The flaw is that it tries very hard to figure out symptoms, but no time at all trying to understand people.
There’s no empirical validation to this approach … and it’s packed with conflicts of interest to the drug companies who benefit each time a new symptom is deemed “treatable” by drugs.
Have you ever wondered what that’s like?
Hearing voices or “auditory hallucinations” is the one aspect that
The Saybrook Alumni Association Graduate College of Psychology and Humanistic Studies Alumni Dinners Texas Dallas - May 7 - Breakfast Austin - May 7 - Dinner Colorado - In Planning Denver - June 18 Dinner Colorado Springs - June 19 Lunch Hawaii - July - Dates To Be Announced Honolulu Mauii Big Island RSVP SaybrookAlumniAssociation@Saybrook.edu or call 415-394-5968
Alumnus Robert E. McCarthy, PhD '03 Recently Appointed to the National Executive Advisory Board of the American Psychotherapy Association.05/04/2011
Alumnus Robert E. McCarthy, PhD '03 was recently appointed to the National Executive Advisory Board of the American Psychotherapy Association.
Alumna Jean Millay, PhD '78 was Invited to Discuss Her New Book at the Foundation for Mind/Being Research05/04/2011
Saybrook graduate Jean Millay, PhD ('78) was invited to discuss her book -RADIANT MINDS: Scientists Explore the Dimensions of Consciousness - at the April 22nd meeting of the Foundation for Mind/Being Research. www.fmbr.org The book is an Anthology of the Parapsychology Research Group, with 55 authors participating. Jean's main topic involved the suggestion that there may be a 5th...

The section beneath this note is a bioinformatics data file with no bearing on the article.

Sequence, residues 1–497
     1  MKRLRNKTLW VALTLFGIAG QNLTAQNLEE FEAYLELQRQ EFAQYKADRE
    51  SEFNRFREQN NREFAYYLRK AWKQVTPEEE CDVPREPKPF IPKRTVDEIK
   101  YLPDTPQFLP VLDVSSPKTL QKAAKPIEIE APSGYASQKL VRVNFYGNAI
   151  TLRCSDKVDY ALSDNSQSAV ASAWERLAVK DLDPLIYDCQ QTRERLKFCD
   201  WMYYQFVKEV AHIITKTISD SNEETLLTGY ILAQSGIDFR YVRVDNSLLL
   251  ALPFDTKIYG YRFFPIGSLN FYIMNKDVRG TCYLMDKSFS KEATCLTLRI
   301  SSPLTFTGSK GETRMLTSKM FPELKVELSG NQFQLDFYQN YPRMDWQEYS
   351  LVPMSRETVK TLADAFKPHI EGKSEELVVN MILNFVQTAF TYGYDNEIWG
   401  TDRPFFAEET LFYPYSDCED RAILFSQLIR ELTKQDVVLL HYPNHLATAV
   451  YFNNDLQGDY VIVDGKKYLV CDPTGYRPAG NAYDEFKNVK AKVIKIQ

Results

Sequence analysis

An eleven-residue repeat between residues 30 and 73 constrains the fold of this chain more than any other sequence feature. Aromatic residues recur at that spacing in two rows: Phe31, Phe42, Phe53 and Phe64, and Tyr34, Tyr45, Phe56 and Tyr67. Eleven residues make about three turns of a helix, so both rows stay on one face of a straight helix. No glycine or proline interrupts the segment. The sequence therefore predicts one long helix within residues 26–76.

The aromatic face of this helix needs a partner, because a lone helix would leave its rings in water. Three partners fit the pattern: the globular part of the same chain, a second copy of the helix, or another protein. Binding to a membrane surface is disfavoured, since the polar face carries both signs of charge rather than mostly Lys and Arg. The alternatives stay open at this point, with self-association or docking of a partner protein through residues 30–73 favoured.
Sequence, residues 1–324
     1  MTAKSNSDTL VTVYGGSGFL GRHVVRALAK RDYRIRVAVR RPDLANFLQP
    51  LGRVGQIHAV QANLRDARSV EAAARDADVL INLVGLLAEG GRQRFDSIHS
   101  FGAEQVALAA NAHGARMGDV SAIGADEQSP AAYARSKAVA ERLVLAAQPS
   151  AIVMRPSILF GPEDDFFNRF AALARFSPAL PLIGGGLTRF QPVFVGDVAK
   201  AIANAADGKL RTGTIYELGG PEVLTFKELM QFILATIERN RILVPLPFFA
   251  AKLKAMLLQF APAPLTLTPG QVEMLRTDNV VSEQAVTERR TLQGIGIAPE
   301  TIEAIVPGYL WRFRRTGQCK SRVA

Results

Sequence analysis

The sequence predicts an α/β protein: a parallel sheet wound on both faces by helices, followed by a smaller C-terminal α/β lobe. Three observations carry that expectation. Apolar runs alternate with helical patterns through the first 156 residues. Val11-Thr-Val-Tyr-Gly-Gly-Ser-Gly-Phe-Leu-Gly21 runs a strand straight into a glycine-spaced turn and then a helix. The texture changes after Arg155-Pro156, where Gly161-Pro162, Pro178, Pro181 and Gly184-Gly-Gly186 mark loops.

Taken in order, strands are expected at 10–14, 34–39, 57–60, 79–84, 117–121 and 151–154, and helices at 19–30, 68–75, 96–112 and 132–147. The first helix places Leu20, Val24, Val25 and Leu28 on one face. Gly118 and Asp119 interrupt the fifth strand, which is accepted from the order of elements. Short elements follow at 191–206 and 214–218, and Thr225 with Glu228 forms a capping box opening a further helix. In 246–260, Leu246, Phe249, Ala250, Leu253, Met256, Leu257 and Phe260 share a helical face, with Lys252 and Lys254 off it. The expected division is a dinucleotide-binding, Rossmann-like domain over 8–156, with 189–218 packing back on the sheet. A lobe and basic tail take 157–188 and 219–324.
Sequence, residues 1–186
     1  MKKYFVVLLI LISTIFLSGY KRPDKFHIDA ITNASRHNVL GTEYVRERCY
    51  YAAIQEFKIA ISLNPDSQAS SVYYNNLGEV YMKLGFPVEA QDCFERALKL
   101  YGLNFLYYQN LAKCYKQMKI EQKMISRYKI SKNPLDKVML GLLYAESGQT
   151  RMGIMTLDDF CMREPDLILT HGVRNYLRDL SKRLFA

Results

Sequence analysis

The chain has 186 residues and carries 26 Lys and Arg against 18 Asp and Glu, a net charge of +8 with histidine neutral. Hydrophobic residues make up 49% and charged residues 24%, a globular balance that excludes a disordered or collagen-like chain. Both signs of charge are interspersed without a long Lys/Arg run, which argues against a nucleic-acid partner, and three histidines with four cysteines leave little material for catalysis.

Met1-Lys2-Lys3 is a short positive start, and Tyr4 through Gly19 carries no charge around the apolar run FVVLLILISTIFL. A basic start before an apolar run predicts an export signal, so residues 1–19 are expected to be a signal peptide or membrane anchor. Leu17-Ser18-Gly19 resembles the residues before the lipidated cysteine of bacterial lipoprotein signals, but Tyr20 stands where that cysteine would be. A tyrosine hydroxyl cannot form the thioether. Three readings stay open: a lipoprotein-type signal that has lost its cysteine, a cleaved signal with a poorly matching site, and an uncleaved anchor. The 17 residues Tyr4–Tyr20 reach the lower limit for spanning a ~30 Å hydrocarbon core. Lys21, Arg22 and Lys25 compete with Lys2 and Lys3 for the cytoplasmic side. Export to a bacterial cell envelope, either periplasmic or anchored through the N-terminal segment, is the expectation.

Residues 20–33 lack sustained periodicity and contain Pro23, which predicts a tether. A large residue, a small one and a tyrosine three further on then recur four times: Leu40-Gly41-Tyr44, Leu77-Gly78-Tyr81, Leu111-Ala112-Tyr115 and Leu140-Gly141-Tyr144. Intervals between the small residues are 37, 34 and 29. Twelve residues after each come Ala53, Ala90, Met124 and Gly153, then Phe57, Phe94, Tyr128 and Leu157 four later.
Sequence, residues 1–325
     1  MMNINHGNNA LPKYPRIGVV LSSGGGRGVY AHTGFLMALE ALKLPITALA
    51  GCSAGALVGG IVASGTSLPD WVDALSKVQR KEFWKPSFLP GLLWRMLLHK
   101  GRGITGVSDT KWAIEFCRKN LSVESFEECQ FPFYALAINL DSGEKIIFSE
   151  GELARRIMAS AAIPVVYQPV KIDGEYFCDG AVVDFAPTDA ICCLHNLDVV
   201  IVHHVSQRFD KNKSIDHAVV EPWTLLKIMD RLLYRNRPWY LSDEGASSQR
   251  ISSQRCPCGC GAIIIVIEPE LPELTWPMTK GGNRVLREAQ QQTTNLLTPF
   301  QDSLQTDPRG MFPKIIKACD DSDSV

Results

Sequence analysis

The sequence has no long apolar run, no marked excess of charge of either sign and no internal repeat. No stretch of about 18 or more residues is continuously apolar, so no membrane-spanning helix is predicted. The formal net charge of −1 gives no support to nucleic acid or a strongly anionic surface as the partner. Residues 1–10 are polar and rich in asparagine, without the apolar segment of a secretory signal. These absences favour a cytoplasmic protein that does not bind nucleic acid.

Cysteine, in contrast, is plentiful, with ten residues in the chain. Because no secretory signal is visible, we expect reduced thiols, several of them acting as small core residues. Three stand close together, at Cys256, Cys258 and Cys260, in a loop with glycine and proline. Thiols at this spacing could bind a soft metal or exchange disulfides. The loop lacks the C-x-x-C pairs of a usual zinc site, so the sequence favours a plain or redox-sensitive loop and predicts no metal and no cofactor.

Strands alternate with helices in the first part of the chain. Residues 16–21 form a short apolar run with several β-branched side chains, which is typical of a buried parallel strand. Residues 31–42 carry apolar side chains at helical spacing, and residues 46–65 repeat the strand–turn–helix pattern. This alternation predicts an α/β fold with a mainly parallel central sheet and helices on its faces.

Alumnus Ken Bausch, PhD 1998, of the Institute for 21st Century Agoras Shares Four Announcements · Ken Bausch, PhD announces the Third International Facilitators Training School on the Structured Dialogic Design Process will be held July 25-27 in Nicosia, Cyprus. Click here to see the announcement: www.sddp-international.org · Ken taught a second annual online course...
Saybrook Almnus Kirk Schneider, PhD '84 Publishes The Great Awe-Wakening in the Tikkun Network Journal Click here to view: http://www.tikkun.org/nextgen/the-great-awe-wakening
Emotions have run high since United States president Barack Obama announced the death of Osama bin Laden.
“The head of the snake is gone,” said Rudi Dekkers, the owner of the flight school that trained the two terrorist pilots responsible for killing thousands in the World Trade Center towers.
Bin Laden’s death marks a turning point of nearly a decade of grief, anger, and insecurity for all effected by the tragedies of 9-11. The tragic events of that day will forever be present as a reminder and a threat of the destructive capacities of terrorism.
But always remembering must not mean we stay locked in the past: Amidst great pain and fear, issues of remorse, forgiveness, and rehumanization are beginning to surface in light of the gross human rights violations that followed September 11, 2001.
In the Journal of Humanistic Psychology, author Pumla Gobodo-Madikizela draws on experiences from the South African apartheid to remind us what remorse, forgiveness and rehumanization look like in the aftermath of gross human rights violations.